China and other BRICS emerging economies are set to flex their muscles as the top finance officials of the G20 and the IMF meet Friday seeking to raise $400 billion to prevent financial contagion.
Having already rolled back the goal for new crisis intervention funds from $500 billion, the International Monetary Fund remained some $80 billion short going into Friday's meetings in Washington.
Meanwhile the BRICS -- Brazil, Russia, India, China and South Africa -- stayed quiet on how much they would contribute.
With worries mounting that Spain might require the eurozone's fourth bailout, IMF head Christine Lagarde said Thursday she was confident the global crisis lender would get a significant boost to its intervention capacity.
"As part of the outcome of this meeting, we expect our firepower to be significantly increased," Lagarde told reporters on Thursday.
Lagarde did not give a figure for her "global firewall," but warned that "dark clouds" still hover and that fresh turmoil in Europe could affect the entire global economy.
Going into Friday's meetings, commitments had rolled in for $320 billion -- not enough, by recent IMF estimates, to construct a solid financial backstop against the kind of market turmoil that could spill out across the eurozone from any one foundering national economy.
But Finance Minister Jun Azumi of Japan -- which has pledged $60 billion to the crisis fund -- said he was optimistic the IMF would meet its goal.
"I think it is becoming highly possible that we will achieve a sum near the targeted $400 billion," Azumi told reporters in Washington, in footage broadcast in Japan on Friday.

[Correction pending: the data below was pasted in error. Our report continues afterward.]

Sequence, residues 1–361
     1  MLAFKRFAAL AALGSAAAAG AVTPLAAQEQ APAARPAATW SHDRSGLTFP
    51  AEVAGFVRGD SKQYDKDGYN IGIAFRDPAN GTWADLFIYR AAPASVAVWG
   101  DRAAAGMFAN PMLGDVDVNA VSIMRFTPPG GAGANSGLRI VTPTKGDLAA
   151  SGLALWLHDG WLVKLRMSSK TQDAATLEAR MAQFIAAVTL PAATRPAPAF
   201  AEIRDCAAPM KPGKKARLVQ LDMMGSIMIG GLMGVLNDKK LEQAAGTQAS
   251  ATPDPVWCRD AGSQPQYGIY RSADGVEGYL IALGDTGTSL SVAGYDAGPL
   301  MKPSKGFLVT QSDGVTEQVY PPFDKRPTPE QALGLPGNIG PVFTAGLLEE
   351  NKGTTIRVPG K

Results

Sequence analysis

"I think this will give relief and stability to the global economy."
Russia has expressed guarded optimism, with Deputy Finance Minister Sergei Stortchak saying that Moscow was prepared to offer another $10 billion.
"The Russian (outgoing) president (Dmitry Medvedev) has said on several occasions, and we have confirmed, that we are ready to work on this scenario," he said, according to Russia's Itar-Tass news agency.
Europe has pledged $200 billion and Nordic countries, Switzerland, Poland and others have offered another $60 billion.
The United States, the IMF's largest shareholder, has refused to contribute to the crisis fund, which leaves the BRICS the best source for cash -- and in a position to ask for more say in the way the IMF dispenses its funds.
After huge bailouts of Greece, Portugal and Ireland, developing countries have become increasing critical of the IMF's exposure to the eurozone.
China, the world's second largest economy, has remained mum on the issue, and many in the BRICS have voiced concern that their funds could be added to the three already huge bailouts under way in Europe.
"We are willing to discuss various funding plans for the IMF with IMF members, in a frank and positive manner," China's Foreign Ministry spokesman Liu Weimin said, according to Xinhua.
India's finance minister Pranab Mukherjee, speaking for his own country and the Group of 24 middle income countries -- including the BRICS -- declined to link contributions to the crisis fund with the size of their voice in the IMF.
But he did say that the G-24 felt the IMF needed to push harder to complete the minor restructuring of voting rights mapped out in 2010 and quickly embark on a much larger one.
"Quota reforms should not be delayed" he said, adding that the "ground realities" of the shift in economic power to the BRICS "ought to be recognized."
"We believe that the ultimate goal must be to better reflect the growing role of (emerging economies) as a whole in the global economy," the G24 said in a statement after meetings with Lagarde.